Amy Reasner of the Cedar Rapids law firm Lynch Dallas was paid $2,848 for about 18 hours of work.
The district's other main attorney during the investigation, Terry Abernathy of Pickens, Barnes & Abernathy, was paid through the district's insurance company, EMC Insurance. The district wouldn't confirm how much he was paid for work in connection with the investigation.
Addressing the problem
District administrators have said throughout the investigation that they are addressing racial disparities in Cedar Rapids schools with a long list of programs. Those include behavioral instruction, after-school programs and staff training.
The district also has contracted with Edwin Javius, founder of EdEquity, a California-based school equity consultant, to help it improve staff members' cultural competency and classroom practices.
The contract is dated Jan. 23, 2014 — the day after the OCR first notified the district of its investigation. It was signed by board secretary Laurel Day on Feb. 24.
The contract calls for Javius to be paid an initial sum of $30,000, plus travel expenses. That covers the end of the 2013-14 school year and all of 2014-15, said deputy superintendent Mary Ellen Maske.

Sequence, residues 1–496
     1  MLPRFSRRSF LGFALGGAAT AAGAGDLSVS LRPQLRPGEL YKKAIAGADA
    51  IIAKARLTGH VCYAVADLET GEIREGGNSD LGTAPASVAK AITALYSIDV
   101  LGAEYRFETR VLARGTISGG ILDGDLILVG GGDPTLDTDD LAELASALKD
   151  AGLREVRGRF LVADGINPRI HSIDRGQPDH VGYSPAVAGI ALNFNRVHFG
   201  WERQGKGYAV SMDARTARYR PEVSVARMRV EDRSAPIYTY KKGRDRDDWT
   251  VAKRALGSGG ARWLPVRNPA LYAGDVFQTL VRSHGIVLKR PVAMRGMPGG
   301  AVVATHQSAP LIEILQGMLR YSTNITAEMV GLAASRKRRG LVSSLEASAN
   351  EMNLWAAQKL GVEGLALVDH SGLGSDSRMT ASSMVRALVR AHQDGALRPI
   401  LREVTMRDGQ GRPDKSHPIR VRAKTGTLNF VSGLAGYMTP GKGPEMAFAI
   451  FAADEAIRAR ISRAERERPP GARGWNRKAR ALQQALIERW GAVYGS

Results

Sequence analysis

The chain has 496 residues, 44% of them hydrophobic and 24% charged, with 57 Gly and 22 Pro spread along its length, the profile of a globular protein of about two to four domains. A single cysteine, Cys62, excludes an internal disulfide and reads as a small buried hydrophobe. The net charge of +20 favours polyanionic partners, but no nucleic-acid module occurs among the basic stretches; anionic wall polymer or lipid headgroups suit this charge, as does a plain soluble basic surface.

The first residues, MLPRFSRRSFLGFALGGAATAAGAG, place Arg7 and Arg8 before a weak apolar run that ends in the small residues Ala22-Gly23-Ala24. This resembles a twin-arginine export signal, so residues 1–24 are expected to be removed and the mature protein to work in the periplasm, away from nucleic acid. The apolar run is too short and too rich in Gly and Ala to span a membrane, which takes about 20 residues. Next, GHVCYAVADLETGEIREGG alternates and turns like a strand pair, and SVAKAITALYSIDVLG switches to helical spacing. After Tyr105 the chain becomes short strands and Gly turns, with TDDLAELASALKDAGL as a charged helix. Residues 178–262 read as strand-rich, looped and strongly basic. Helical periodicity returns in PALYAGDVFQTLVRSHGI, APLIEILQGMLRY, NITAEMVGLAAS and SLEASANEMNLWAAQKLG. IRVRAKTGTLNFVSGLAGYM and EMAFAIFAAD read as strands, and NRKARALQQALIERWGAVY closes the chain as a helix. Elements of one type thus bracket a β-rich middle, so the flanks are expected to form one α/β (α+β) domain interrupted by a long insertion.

Javius quoted the district $78,000 to $93,000 for the 2015-16 school year. Maske said that will be negotiated.
A third year could be added, she said.
At Roosevelt Middle School this week, Javius led school and district administrators on a walk-through of the school's classrooms to observe teacher-student interactions in terms of equity and engagement.
The goal, Roosevelt Principal Autumn Pino said, is 'to meet every student where they are.'
'I don't think we're there yet,' Pino said, but the school is improving.
The group identified areas of positive practice in a few classrooms, including teachers who geared questions toward students' identities.
In one classroom, however, administrators watched a student Javius described as a 'high flyer' in the school's discipline system.
'That kid's guessing every period' about how to behave because different teachers have different disciplinary styles, he said. 'And guessing wrong.'
Part of the district's approach to discipline, Javius said, should be consistency between classrooms, 'so that kids don't have to guess.'